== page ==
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Drone inspects world’s largest tree

by Marco van der Hoeven

The US National Park Service, Giant Sequoia Lands Coalition, and other organizations coordinated an unprecedented health assessment of General Sherman, the world’s largest known living tree, located in Sequoia National Park. This initiative marked the first use of an industrial-grade drone for such an inspection.

Volunteers employed various methods to evaluate the tree, including rope scaling and satellite imagery. However, the highlight of this operation was the deployment of Freefly’s Astro Prime drone. This model, compliant with the National Defense Authorization Act (NDAA) and approved by Blue UAS, brought advanced technology to the forefront of conservation efforts. The drone’s capabilities included a Lidar scanner and an HD video camera, which facilitated a thorough and rapid examination of the 275-foot-tall sequoia, estimated to be over 2,200 years old.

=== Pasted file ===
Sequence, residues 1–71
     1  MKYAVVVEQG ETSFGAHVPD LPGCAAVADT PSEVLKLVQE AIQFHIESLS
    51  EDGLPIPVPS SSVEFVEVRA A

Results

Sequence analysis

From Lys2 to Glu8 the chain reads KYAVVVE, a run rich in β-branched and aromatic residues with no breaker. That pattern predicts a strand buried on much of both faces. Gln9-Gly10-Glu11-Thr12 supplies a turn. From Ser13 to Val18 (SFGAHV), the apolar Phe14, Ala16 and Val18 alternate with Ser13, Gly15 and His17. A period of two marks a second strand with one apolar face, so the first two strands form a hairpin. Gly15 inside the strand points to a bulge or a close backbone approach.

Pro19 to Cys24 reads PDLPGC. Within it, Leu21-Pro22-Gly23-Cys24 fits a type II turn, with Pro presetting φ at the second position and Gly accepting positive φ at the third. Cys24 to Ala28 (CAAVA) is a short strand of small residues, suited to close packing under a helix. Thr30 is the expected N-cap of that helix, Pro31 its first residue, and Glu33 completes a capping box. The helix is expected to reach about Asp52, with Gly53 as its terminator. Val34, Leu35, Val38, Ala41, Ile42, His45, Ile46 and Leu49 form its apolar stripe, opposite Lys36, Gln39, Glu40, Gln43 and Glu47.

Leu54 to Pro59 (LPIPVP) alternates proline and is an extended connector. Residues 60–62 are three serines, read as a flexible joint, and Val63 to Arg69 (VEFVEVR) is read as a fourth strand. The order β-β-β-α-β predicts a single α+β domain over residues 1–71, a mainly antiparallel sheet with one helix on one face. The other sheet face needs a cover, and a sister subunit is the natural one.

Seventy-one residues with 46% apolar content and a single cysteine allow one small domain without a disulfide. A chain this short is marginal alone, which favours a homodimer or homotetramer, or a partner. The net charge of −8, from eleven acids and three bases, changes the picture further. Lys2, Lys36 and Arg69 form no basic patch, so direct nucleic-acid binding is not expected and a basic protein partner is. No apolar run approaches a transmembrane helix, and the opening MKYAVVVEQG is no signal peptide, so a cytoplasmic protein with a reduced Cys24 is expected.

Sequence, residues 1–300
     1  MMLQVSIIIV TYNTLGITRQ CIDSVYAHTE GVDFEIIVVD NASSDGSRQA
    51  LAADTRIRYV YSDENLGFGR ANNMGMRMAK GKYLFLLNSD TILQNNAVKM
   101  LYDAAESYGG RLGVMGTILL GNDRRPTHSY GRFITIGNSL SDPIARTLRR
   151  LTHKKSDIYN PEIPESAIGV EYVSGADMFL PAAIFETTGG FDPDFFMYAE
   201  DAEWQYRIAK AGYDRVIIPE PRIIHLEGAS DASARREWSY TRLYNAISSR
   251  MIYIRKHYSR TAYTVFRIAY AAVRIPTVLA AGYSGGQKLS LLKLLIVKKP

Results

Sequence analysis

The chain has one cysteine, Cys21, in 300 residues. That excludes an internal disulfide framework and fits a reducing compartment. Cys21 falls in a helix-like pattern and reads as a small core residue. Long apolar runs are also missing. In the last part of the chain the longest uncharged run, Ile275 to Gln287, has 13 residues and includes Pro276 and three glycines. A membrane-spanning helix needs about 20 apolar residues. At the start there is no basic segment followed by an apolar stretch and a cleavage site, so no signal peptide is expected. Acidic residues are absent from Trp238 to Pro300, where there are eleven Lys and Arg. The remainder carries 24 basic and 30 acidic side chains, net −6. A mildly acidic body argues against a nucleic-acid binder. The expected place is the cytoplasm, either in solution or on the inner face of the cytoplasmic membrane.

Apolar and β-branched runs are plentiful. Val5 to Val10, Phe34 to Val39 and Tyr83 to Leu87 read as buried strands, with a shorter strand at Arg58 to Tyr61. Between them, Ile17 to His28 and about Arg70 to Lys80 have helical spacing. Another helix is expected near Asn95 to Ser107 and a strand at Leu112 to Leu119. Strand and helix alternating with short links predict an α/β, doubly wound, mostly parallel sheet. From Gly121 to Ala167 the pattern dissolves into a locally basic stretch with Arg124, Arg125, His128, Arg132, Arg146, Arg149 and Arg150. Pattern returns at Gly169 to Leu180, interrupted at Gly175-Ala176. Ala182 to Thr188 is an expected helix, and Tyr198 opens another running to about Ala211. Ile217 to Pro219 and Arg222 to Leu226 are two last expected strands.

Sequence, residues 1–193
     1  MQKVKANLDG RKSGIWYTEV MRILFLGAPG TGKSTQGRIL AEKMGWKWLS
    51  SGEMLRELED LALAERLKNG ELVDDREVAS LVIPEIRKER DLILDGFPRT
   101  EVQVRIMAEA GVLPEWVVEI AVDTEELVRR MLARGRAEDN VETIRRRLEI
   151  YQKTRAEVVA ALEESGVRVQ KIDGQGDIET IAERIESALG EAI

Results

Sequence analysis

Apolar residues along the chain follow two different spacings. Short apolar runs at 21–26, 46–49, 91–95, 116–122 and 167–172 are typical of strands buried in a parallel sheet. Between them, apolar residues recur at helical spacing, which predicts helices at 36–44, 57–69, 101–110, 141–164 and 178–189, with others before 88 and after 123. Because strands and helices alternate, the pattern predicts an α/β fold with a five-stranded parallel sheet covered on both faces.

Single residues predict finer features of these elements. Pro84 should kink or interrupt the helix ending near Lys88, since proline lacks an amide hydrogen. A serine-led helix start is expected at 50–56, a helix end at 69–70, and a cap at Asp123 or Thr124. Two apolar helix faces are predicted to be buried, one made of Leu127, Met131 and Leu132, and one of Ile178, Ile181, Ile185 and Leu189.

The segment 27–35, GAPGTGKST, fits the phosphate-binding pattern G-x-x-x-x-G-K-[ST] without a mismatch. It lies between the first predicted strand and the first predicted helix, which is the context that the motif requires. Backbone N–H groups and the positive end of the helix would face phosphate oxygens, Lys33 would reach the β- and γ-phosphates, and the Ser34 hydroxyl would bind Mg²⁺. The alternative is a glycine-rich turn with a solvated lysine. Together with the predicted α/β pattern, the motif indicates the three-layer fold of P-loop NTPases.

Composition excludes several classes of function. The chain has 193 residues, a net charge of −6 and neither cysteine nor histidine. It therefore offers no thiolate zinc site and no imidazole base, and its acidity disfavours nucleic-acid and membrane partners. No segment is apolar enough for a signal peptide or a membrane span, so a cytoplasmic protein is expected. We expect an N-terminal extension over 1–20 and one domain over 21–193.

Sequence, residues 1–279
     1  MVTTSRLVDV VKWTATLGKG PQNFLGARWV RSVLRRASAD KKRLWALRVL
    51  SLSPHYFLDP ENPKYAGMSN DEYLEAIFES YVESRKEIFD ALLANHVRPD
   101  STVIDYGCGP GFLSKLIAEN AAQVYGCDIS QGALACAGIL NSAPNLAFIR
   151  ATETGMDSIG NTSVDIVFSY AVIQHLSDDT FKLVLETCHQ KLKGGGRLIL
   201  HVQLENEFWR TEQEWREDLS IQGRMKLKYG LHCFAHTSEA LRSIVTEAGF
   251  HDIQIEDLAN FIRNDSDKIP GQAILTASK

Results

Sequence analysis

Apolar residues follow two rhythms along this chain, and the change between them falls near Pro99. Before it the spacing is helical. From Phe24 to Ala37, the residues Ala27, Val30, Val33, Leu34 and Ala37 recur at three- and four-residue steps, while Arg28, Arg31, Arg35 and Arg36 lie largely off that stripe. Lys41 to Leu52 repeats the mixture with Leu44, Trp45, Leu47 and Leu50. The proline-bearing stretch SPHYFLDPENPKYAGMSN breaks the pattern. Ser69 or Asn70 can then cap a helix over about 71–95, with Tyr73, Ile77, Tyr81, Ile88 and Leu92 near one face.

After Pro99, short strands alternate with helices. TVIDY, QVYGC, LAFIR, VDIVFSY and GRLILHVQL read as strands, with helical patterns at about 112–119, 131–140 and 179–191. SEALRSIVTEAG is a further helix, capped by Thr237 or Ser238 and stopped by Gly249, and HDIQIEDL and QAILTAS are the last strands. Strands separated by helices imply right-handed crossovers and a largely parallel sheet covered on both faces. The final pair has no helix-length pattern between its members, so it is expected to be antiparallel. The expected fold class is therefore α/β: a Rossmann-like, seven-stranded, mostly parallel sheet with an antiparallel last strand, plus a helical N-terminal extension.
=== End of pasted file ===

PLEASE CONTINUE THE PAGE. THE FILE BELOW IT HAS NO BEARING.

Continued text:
The primary focus of the inspection was to identify any signs of damage caused by a native bark beetle, a threat exacerbated by climate change and prolonged drought. The Astro Prime drone proved particularly effective in this regard, utilizing Doodle Labs mesh rider radios to ensure a resilient data link and maintain connectivity in the off-grid environment. This technology enabled the reliable transmission of high-bandwidth data back to ground teams.

The success of this drone-based inspection demonstrates significant potential for future applications. The US Forest Service and other Department of Interior groups may find the Astro Prime drone valuable for ongoing land mapping and inspection tasks. Its advanced capabilities promise to expedite processes that were previously manual, making them faster, safer, and more efficient. This marks a pivotal moment in the integration of commercial drone technology into environmental conservation and management practices.

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